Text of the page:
Counter-vigilers had a variety of signs, chants, numerous American flags, and various other messages and slogans to direct at the Code Pink vigil.

An overweight white male proudly wearing an American flag on his polo shirt lead one of the group chants by shouting: "Shame on Code Pink!" In response, a group of his well-dressed middle-aged supporters would respond with: "Leave the Wounded Alone!"

When cars would honk for Code Pink, counter-vigilers would make ridiculing "raspberry" noises.

Some examples of counter-vigiler signs:

According to Code Pink supporters, the counter-provigilers are viscious toward anyone who is not a counter-vigiler, including personal insults and instigation of shouting matches. At tonight's vigil, this contributed to a very competitive atmosphere void of listening and dialog. Despite any efforts of Code Pink to the contrary, the event degraded into a shouting match between the two sides, with loose cannons on both side shouting back at forth at one another.

One Code Pink supporter was walking around correcting people's pronunciation of the word Iraq. After doing the Iraq pronunciation dance the woman became combative and shouted at BMIMC reporter Hollie Hoxley, "Bitch." The supporter was unable to identify which "side" the reporter was on due to a lack of pink in the reporters attire. Later, the woman apologized for her behavior.

Code Pink has tried to contact the Fisher House, an organization that supports families of veterans above and beyond what the government provides. However, they have not yet been successful in creating a relationship to send in letters, care packages, etc. to those in medical center.

On a local note, Code Pink reports that Barak Obama, a U.S. Senator from Illinois, has been influential in making conditions better at this medical center.

During the vigil, BMIMC reporter Hollie Hoxley interviewed several members of Code Pink.

One of these was Tiffany, who is a paid employee of Code Pink. Tiffany helps to organizes local chapters, spent the summer in Crawford, and was arrested at the RNC in a protest related to Dick Cheney. Her father was a vet, and she was formerly employeed with finding transitional housing for homeless vets. She said she's been personally in contact with those inside the medical center. Her concern is that "they have to pay for band-aids." They're being asked to pay out of pocket for many of the expenses that are required to cover their own care after being wounded.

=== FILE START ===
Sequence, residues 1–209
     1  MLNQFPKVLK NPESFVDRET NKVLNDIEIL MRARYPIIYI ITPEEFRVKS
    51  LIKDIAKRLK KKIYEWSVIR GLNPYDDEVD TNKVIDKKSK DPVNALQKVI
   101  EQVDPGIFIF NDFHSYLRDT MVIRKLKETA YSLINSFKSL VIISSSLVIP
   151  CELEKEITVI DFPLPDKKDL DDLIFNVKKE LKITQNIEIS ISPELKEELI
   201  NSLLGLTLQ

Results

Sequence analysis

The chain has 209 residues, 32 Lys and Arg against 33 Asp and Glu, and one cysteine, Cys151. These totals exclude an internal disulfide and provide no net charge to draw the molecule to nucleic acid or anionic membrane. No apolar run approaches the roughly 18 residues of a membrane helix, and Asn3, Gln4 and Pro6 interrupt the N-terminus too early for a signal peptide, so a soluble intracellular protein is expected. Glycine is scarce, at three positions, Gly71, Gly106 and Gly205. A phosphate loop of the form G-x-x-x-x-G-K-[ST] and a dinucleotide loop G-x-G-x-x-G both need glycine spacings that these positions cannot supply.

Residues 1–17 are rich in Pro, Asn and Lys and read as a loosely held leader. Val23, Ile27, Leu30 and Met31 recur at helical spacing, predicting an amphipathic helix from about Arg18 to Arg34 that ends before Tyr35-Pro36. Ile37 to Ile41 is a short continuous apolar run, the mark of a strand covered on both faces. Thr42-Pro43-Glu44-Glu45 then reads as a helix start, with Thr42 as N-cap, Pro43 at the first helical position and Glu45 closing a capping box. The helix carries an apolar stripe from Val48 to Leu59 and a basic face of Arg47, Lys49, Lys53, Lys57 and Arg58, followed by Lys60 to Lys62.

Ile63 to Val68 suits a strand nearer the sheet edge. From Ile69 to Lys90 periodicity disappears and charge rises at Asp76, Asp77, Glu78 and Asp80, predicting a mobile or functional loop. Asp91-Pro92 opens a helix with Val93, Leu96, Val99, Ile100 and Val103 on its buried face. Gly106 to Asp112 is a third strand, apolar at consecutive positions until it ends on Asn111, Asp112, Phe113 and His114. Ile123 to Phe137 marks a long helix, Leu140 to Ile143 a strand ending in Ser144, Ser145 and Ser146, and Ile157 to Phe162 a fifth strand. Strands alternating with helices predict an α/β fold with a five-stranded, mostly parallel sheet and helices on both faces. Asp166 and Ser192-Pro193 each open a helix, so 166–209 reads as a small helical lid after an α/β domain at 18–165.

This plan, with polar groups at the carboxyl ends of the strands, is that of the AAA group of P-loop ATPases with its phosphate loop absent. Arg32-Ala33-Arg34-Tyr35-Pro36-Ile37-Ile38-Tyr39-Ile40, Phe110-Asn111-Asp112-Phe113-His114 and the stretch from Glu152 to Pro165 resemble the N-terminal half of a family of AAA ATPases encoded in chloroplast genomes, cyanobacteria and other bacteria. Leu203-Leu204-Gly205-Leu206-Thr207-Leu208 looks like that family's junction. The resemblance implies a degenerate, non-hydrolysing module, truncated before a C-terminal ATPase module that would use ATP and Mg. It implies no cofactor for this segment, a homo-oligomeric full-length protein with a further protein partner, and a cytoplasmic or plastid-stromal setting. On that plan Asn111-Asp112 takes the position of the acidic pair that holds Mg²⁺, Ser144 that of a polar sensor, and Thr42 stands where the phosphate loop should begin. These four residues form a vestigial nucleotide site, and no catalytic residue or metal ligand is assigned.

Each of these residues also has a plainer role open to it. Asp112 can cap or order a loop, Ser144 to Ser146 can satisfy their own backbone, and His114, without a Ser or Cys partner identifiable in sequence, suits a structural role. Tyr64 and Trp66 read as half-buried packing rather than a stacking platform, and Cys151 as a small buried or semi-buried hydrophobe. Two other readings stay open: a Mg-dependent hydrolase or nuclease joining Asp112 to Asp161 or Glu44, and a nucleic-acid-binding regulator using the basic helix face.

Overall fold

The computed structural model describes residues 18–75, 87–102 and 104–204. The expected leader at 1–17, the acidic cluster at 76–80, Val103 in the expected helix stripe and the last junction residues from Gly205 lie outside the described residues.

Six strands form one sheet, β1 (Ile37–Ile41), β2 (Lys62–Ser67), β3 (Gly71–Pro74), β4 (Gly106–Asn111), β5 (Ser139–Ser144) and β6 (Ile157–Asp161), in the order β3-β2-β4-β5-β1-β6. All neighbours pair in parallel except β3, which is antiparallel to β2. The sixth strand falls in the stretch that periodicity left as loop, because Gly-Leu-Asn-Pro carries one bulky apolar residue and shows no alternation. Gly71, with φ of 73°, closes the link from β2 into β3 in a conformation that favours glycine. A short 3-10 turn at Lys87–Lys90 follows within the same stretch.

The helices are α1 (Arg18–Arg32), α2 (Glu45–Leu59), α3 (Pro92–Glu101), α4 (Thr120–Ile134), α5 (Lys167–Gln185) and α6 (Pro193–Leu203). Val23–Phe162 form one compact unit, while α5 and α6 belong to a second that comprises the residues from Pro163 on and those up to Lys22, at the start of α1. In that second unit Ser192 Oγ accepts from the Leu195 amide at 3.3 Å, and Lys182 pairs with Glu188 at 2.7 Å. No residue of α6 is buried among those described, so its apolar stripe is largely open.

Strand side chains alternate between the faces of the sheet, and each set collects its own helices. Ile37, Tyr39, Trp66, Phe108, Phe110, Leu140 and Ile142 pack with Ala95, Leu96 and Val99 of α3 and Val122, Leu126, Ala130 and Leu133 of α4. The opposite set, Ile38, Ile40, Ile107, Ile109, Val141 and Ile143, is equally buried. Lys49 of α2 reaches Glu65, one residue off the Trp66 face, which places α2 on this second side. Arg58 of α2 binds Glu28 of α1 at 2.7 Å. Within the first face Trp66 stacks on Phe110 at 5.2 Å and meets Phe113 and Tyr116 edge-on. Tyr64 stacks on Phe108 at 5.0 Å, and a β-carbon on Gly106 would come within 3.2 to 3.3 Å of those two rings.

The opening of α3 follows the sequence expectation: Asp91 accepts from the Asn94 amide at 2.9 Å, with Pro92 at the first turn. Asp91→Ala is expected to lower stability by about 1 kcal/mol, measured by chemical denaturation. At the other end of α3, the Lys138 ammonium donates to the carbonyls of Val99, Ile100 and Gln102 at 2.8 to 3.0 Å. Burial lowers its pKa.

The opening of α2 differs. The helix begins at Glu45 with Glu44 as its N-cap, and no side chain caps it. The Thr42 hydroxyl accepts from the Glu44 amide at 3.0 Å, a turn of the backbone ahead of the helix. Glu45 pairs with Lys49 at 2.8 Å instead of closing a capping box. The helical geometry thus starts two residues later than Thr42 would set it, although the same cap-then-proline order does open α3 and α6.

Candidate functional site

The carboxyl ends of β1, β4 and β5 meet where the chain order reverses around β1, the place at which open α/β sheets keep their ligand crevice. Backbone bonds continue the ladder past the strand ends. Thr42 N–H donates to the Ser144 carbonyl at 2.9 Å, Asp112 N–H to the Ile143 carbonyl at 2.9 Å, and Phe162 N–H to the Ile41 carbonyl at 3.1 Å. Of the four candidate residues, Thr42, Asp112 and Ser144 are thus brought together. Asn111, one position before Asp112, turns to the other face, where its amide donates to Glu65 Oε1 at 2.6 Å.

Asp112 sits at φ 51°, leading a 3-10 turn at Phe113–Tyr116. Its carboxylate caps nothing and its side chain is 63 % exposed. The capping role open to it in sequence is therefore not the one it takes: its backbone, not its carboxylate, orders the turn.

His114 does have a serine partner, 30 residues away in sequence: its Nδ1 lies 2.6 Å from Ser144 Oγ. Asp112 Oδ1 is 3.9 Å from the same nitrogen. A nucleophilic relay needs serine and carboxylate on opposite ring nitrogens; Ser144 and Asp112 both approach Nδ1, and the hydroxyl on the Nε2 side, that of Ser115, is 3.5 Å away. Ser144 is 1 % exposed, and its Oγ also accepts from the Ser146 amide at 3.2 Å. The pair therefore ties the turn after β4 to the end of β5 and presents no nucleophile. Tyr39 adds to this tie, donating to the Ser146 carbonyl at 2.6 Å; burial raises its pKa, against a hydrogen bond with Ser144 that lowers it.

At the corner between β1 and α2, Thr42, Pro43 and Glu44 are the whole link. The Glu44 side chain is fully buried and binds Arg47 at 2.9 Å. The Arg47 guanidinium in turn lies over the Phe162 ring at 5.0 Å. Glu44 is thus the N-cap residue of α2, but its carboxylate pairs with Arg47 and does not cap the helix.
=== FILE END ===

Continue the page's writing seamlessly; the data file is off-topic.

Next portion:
Hollie asked two of the other CP women: Are vigils enough to address this issue? One responded that people who are going by the vigil can see the intentions of people participating in the vigils , leading to a very powerful experience. Even with the counter-vigilers, people who are going by these places can see the difference between the two sides very starkly. This, according to a Code Pink member, gets people to think about the issue based on seeing the difference between the two sides discovering the benevolent intentions of Code Pink.

Hollie also asked the participant how she felt about the "us versus them" mentality encountered at the vigil. She said that she just views counter-vigilers as uninformed about herself and the issue at hand. Therefore, she doesn't take the "us versus them" attacks personally.

Parting thoughts from Hollie (as reported to Treesong)

In many ways, tonight's vigil just seemed like an opportunity for participants to cheer for their team. Both "sides" of the event showed some of this behavior, creating a competitive atmosphere similar to a heated football or soccer game. This left little room for much dialog. Instead, the public discourse was dominated by the question of who can talk louder and whose remarks were more biting, with few if any participants truly listening. Code Pink participants left at the end of their scheduled vigil to prepare for tomorrow's events, but counter-vigilers stayed on site long after Code Pink left if only to ensure that they had "the last word."

More News

Currently, BMIMC reporter Hollie Hoxley is at Saint Stephen's Church, site of a mass gathering of demonstrator medics. Stay tuned for more reports from this and upcoming events on this special weekend of mass demonstration in Washington D.C.